Off-Site SEO Issues: Focus On Your Link Profile

One of the most important factors in Google’s algorithm is links. When a website has high-quality links pointed back to it, Google regards this as a signal of authority, and thus makes its content more visible in organic searches.

For the vast majority of companies, a poor link profile – the total quality of inbound links – is a weakness. Large, global consumer businesses with an engaged brand following have no trouble generating thousands of inbound links; however, for most small and midsized firms, and even many large ones, obtaining high-quality links is like pulling teeth. If more high-quality links are needed, a great deal of time will be required to create and market off-site content. Off-site article publishing is effective for SEO, but only if it is done correctly. To a great degree, correctly means creating content that is informative, useful, authoritative and shareable. This type of off-site work can easily consume an entire campaign budget unless it is approached in a slow and systematic way.

To make matters worse, obtaining high-quality links is only part of the link profile problem. Existing links are quite often less than desirable, because they come from “bad Internet players” or because they use anchor text that used to be favorably regarded by Google but is now negatively regarded. Link reclamation efforts are needed to fix these problems. As always, the scope of these activities depends on a careful analysis of a website’s specific link profile.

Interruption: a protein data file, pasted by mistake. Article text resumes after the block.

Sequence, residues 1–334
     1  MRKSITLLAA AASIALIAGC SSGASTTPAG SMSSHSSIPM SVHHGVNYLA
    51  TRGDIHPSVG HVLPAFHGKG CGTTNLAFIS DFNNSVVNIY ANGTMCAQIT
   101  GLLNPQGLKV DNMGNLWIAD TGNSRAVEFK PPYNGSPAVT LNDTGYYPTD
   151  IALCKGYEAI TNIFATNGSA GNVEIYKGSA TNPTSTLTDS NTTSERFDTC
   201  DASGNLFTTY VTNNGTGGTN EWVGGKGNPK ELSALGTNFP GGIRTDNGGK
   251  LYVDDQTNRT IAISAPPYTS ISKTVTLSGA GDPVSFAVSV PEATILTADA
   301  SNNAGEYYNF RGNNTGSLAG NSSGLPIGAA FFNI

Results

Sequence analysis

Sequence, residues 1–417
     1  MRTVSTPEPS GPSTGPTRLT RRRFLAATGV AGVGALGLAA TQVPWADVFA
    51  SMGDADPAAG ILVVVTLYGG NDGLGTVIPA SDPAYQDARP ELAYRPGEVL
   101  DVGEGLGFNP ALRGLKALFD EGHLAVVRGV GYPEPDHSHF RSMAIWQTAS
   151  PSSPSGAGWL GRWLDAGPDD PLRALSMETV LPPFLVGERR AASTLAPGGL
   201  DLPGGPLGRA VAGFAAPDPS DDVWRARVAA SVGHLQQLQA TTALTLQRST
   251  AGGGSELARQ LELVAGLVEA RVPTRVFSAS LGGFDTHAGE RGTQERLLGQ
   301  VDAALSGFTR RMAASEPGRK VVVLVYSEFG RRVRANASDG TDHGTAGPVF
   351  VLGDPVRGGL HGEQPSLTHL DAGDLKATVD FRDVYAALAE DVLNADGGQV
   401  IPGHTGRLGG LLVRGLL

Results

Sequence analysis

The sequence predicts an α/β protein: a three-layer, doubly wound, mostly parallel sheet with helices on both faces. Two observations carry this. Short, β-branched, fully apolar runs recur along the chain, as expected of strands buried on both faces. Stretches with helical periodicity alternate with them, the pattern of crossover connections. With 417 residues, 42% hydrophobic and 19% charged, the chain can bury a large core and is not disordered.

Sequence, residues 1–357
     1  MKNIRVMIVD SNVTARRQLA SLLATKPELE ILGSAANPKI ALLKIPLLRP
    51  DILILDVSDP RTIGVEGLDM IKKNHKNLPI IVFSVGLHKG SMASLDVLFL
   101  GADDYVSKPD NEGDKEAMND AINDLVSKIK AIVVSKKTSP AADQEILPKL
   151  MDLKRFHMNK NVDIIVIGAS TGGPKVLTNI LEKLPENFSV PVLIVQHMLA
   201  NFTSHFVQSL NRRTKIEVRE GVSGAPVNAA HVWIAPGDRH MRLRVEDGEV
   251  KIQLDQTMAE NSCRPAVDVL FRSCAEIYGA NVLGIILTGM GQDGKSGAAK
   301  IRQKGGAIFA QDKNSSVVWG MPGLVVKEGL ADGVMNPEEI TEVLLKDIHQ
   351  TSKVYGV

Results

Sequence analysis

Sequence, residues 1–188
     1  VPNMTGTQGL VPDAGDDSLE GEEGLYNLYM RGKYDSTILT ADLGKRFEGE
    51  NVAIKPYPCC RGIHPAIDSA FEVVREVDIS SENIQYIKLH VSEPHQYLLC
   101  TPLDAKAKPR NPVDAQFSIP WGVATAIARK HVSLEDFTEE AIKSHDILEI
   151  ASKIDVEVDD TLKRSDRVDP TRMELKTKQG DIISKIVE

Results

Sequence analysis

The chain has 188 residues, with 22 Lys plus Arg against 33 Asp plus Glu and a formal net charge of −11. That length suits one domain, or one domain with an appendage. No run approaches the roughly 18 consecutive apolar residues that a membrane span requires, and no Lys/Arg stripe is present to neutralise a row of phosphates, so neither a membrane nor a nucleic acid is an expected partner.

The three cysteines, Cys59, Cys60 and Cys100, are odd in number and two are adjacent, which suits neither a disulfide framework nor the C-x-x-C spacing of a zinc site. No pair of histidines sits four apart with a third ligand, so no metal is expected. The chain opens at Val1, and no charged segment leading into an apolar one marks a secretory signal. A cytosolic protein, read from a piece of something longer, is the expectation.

What’s The Right On-Site/Off-Site Combination?

I’ll try to roll this all up into a three-point framework. It’s not perfect by any means, but it should lead you to a review and strategic process that leads results in the right mix for your website.

  1. Fix on-site issues first. Determine how much time is involved, and based on your budget, how long it will take. Generally, achieving mobile-friendliness and creating pages dedicated to your most important keywords are the first items to knock off the list.
  2. As you resolve on-site SEO issues, you will have more time available each month to focus on off-site activities. Strategically, figure on a ramp-up. If you start with one piece of off-site content per month, know that you should be able to handle four or five in a year’s time or less.
  3. On-site activities should not stop when you fix all the initial problems. Google rewards websites that add valuable fresh content, and in addition, adding website pages enables you to build traffic for a greater number of keywords, expanding your organic reach.

As a parting thought, remember that Google is notorious for changing the SEO rules of the game , sometimes, as in the case of its recent mobile-friendly initiatives, fairly quickly and aggressively. In addition, your competitors may change SEO strategy, and market conditions themselves may change in ways that affect keywords and content. Review your SEO campaign at least quarterly, and make on-site/off-site mix adjustments based on tomorrow’s needs, rather than yesterdays.